Research Highlights | Published:

Conservation genetics

Leopard-skin origins traced

Nature volume 515, page 315 (20 November 2014) | Download Citation

Image: John T.L./Alamy

DNA analysis can reveal the origins of products from endangered species, which could help to curb illegal trade.

Such goods are often seized far from their origins, making it hard to know where to focus enforcement. Samrat Mondol of the National Centre for Biological Sciences in Bangalore, India, and his colleagues designed a DNA test that enabled them to trace the geographic origins of 40 seized leopard pelts (from Panthera pardus; pictured) to within a few hundred kilometres. They compared DNA from the pelts to that from blood and faecal samples taken from 173 leopards, focusing on gene variants found in certain locations in India. Very few of the skins were local to their seizure point. Central India appears to be a leopard poaching hotspot.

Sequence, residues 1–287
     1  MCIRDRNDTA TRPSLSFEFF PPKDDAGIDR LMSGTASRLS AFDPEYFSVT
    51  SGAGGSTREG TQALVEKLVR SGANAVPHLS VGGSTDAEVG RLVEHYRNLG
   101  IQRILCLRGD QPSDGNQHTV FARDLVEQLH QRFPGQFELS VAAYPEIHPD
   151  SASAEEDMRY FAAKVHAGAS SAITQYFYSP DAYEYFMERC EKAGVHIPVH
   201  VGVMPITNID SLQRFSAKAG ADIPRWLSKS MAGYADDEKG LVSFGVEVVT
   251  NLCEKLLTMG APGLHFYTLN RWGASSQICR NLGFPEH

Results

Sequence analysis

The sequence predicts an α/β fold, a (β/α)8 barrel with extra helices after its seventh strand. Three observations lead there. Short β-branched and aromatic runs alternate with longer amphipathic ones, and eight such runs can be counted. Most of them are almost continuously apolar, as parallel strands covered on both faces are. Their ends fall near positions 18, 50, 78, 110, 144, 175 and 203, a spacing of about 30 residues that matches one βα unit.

The technique could easily be used for other traded species, the authors say.

Conserv. Biol. http://doi.org/w5s (2014)

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https://doi.org/10.1038/515315a

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